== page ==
Kathryn grunted a laugh. “I couldn’t help feeling sorry for the poor man – he was way out of his depth. He had no frame of reference and no possible means of comprehending what we’d been through. I’m pretty sure I scared the hell out of him. He’s never even been off-world and, after hearing of my exploits, I doubt he’ll venture anywhere soon.”

Phoebe rolled her eyes. “A good thing too, in my opinion – God knows what sort of damage he could cause out there with all his do-gooder pseudo-scientific mumbo-jumbo.”

Kathryn stared at her sister. “Not a believer in ‘talking it out”, huh?”

Phoebe shrugged. “A big believer, but just not with someone with no life experience and pimples.”

Kathryn’s mouth twitched again and a quiet moment of camaraderie settled over the sisters before Phoebe asked another question.

“Have you spoken to Chakotay about all this?” She made a sweeping gesture, encompassing Kathryn, outside and everything in between.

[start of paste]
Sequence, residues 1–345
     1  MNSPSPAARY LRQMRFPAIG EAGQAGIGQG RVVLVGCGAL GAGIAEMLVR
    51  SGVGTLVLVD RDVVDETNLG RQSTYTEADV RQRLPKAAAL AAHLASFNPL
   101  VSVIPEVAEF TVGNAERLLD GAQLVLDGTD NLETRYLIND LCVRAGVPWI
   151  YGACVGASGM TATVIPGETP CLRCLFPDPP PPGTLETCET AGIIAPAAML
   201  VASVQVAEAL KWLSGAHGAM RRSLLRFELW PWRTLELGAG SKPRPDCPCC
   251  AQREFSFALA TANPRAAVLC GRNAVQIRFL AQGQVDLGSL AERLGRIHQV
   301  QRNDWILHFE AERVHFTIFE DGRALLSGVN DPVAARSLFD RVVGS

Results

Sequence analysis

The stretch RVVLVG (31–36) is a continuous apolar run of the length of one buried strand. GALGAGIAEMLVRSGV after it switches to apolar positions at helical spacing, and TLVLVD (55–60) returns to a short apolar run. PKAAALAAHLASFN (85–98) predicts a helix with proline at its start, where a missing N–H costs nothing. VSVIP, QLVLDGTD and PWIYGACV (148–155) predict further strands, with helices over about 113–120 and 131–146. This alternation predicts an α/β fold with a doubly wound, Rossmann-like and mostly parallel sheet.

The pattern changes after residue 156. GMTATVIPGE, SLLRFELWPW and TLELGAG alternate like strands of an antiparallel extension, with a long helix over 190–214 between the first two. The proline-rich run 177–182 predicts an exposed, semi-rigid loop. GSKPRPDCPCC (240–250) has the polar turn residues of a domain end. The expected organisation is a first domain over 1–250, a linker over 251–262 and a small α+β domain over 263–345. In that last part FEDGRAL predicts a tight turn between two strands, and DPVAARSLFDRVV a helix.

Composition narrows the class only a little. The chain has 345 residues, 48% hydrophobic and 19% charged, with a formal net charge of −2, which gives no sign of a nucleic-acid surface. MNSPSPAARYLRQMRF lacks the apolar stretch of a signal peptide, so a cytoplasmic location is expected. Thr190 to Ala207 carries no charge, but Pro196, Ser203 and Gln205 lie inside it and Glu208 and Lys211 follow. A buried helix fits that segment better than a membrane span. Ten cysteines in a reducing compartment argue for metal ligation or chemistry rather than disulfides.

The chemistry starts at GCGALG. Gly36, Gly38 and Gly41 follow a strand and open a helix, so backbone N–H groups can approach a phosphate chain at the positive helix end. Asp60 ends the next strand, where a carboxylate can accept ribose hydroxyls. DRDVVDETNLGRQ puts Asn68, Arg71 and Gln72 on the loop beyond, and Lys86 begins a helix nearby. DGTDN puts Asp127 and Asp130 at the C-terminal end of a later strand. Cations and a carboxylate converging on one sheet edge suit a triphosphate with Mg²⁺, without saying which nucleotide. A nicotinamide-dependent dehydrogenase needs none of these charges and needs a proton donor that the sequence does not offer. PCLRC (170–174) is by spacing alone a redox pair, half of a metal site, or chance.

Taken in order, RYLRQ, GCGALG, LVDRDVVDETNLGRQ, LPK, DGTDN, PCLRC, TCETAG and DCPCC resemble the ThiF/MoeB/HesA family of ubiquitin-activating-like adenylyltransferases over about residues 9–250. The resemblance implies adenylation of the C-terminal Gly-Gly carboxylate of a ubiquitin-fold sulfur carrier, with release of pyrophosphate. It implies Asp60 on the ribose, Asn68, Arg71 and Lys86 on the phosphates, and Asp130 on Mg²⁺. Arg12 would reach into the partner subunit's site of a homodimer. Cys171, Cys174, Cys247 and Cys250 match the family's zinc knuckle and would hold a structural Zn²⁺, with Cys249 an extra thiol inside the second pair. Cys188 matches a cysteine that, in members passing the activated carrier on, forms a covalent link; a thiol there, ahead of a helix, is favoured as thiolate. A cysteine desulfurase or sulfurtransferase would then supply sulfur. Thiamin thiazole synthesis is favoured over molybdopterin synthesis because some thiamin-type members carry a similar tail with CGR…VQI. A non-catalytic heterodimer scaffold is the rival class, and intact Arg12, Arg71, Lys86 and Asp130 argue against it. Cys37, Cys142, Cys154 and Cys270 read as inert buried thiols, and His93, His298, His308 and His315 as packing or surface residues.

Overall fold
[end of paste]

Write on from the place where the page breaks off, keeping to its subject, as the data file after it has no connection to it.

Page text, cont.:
A one shoulder shrug appeared be the only answer she’d get until Kathryn looked her in the eye and admitted to something that Gretchen had already hinted at. “He’s part of the problem.”

“I thought as much.”

“Mom again?”

Phoebe shrugged and gave a wan smile – there was no point denying it. She was a terrible liar and Kathryn would know she was hedging.

Kathryn rolled her eyes. “She’s not very good with confidences, is she?”

“Not with me – or you – but we’re family, so the rules don’t apply.” She reached over and tucked a stray lock of hair behind Kathryn’s ear. It wasn’t something she’d normally do, but their roles had reversed over the last few weeks and she was filled with a welling sense of protectiveness for her big sister.